Before going any further, I should explain that I am known to wander outside the lines a bit. Being given a task like this one, which seems fairly simple, typically sends my mind into a maelstrom of “So how about if I…” or “I should make sure to add…” and almost always “But wouldn’t it be better if I…?” In the spirit of the games, I will make sure to meet the requirements technically, but I hope you’ll indulge my selfish habits a bit as I embellish and insert my own specifications into the mix.


Specify a Computer


Before we can get any information, we have to specify a target host. There are a number of ways to allow the user to specify a computer name. My favorite is the command-line argument. Personally I like to use named arguments, so I started off by accepting a named argument:


If Wscript.Arguments.Named.Count > 0 Then

      On Error Resume Next

            strComputer = WScript.Arguments.Named(“Computer”)

      On Error Goto 0

End If


Notice the On Error statements. I don’t typically like to run large sections of code under On Error Resume Next. I usually will identify a line where an error is likely to occur and only ignore errors for those specific lines. In this case we don’t need to check to see if an error occurred because our logic will test the value of strComputer later.


Since I’ve been using Windows PowerShell a lot the last few years, I’ve grown used to being able to provide an argument either as a named or a positional argument. I thought it might be nice to allow a positional argument (at the first position) if a named argument wasn’t specified:


If Not strComputer > “” Then

If WScript.Arguments.Count > 0 Then

            strComputer = WScript.Arguments(0)

      End If

End if


Finally, if no arguments were supplied to the script, we will fall back to a default value of “.”, which represents the localhost:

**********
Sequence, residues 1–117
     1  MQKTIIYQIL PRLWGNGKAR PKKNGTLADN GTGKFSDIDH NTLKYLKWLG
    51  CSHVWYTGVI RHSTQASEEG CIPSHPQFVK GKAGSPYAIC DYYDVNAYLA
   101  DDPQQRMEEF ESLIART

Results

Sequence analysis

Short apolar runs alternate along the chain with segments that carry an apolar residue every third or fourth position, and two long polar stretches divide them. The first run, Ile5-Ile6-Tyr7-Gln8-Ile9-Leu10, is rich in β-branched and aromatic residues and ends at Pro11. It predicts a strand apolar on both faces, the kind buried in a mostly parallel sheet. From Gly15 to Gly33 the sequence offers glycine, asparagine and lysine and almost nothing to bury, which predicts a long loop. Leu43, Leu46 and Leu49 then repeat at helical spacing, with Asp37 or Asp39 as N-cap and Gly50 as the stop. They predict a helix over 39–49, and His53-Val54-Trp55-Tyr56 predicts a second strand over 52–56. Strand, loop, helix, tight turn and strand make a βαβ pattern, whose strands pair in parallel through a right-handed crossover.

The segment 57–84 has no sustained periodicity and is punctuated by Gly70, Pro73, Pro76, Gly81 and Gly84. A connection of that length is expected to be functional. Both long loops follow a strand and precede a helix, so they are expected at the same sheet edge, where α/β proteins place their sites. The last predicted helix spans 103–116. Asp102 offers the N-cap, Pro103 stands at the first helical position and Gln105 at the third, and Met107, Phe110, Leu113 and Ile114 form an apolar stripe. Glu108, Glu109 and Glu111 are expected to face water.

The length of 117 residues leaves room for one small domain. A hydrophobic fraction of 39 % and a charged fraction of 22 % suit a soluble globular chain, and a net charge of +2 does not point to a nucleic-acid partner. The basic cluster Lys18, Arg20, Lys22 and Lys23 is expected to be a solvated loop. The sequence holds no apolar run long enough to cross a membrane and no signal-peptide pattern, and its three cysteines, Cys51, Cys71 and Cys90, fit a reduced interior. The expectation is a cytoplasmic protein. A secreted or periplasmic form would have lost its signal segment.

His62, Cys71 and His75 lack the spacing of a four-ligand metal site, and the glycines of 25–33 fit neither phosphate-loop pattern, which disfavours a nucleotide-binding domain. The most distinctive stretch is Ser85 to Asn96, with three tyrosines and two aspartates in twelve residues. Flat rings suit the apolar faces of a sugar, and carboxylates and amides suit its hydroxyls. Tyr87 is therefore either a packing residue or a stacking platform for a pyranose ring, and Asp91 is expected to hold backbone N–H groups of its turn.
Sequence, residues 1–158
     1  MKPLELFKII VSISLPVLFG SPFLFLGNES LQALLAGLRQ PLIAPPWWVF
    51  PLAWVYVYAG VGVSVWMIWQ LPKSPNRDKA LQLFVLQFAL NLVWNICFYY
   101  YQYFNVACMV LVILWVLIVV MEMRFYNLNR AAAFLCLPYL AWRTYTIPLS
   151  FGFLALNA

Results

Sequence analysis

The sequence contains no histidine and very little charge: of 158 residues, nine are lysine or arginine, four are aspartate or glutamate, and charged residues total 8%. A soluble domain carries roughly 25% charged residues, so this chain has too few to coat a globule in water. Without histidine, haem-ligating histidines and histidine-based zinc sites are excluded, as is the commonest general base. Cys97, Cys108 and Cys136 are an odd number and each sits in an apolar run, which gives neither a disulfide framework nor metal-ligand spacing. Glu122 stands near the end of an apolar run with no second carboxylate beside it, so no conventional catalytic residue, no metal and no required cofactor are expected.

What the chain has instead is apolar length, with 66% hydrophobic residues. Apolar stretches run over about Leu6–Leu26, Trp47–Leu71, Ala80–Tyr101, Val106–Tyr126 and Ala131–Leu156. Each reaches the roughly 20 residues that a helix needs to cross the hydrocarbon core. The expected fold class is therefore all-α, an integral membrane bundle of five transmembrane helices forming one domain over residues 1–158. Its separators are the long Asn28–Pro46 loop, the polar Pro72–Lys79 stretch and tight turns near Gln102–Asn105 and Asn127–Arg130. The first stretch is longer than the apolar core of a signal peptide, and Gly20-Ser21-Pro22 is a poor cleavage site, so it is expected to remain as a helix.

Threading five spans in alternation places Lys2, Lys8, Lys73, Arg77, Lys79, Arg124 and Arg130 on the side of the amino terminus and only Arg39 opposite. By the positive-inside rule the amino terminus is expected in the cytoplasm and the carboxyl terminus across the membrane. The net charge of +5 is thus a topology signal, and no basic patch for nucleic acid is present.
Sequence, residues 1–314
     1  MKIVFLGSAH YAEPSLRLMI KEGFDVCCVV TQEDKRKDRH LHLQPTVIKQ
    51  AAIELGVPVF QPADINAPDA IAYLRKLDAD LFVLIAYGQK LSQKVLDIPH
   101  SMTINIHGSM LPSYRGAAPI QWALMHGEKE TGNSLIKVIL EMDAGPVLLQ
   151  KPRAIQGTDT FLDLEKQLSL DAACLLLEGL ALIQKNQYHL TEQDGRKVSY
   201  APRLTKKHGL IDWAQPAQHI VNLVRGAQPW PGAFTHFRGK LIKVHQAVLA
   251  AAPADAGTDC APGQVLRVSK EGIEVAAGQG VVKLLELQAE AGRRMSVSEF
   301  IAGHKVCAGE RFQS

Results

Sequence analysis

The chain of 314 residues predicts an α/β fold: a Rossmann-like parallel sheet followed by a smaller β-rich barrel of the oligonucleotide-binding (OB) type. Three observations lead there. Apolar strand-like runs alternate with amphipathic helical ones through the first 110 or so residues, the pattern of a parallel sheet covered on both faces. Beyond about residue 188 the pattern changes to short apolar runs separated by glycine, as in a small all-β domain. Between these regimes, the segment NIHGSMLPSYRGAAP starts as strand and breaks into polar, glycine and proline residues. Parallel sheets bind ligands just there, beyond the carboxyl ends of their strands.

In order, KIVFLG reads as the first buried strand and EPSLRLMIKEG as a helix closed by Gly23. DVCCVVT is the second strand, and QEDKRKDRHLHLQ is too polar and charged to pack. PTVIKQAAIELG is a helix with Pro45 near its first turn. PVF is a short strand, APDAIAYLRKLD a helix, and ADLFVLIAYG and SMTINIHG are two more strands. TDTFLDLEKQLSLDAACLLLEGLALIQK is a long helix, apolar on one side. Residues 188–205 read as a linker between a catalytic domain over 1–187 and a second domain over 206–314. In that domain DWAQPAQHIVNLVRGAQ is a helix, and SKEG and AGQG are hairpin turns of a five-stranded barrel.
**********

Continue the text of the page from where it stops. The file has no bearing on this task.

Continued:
If Not strComputer > “” Then

      strComputer = “.”

End If



Collecting Data


Because I’m going to potentially be doing time calculations at different points in my script, I decided to add a variable to hold the date time at a fixed point toward the beginning of the script, before any WMI values are returned:


dtmNow = Now


The next thing to do is to open a connection to the WMI Service on the target host. This is another time when an error could occur. The user could have specified an invalid computer name, there could be a permissions issue, or there could be a problem communicating with that computer over RPC. In this case, we need to handle any error by displaying a message to the user and aborting the script:


On Error Resume Next

      Set objWMIService = GetObject(“winmgmts://” & strComputer _

   & “/root/cimv2”)

      If Err.Number Then

            WScript.Echo “ERROR: There was a problem connecting to ” _

               & the WMI service on “”” & strComputer _

               & “””.  The script is exiting.”

            WScript.Quit

      End If

On Error Goto 0


When working with event logs via WMI, it’s best to scope your query so that it will return as little data as possible. Trust me on this one—I’ve had to restart too many WMI services over the years to steer you wrong on this. In this case, we’re looking for only events in the System Log whose source is “Eventlog” and whose Event ID is 6005. Further, we’re not returning all properties for these events because all we need to know is the TimeGenerated value.


strEventQuery = “SELECT TimeGenerated FROM Win32_NTLogEvent” _

   & ” WHERE LogFile=’System’ AND SourceName = ‘Eventlog’ AND ” _

   & ” EventCode = ‘6005’”


Now we execute the query, which can also fail for a number of reasons (bogus query, WMI corruption on the target computer, more permissions issues, etc.). The thing to know about this is that most of the time it won’t fail on ExecQuery. It will usually fail when you try to loop through the collection it returns:


On Error Resume Next

      Set colEvents = objWMIService.ExecQuery(strEventQuery)

      For Each objEvent in colEvents

            If Err.Number Then

                  WScript.Echo “ERROR: There was a problem executing ” _

   & “the query “”” & strEventQuery _

                     & “”” against host “”” & strComputer _

                     & “””.  The script is exiting.”

                  WScript.Quit

            End If

            On Error Goto 0

            strUTCEventTime = objEvent.TimeGenerated

            Exit For   

      Next

On Error Goto 0


Notice above that we stored the TimeGenerated property value of the first object in the collection as the variable strUTCEventTime, and then we exited the For Each loop. The WMI Event Log provider always returns the most recent events first, which is lucky for us. This means we can just read the first event and forget the rest.

 

Ensuring a Good Result


Now we potentially have a date time value representing the last time the computer started. I say “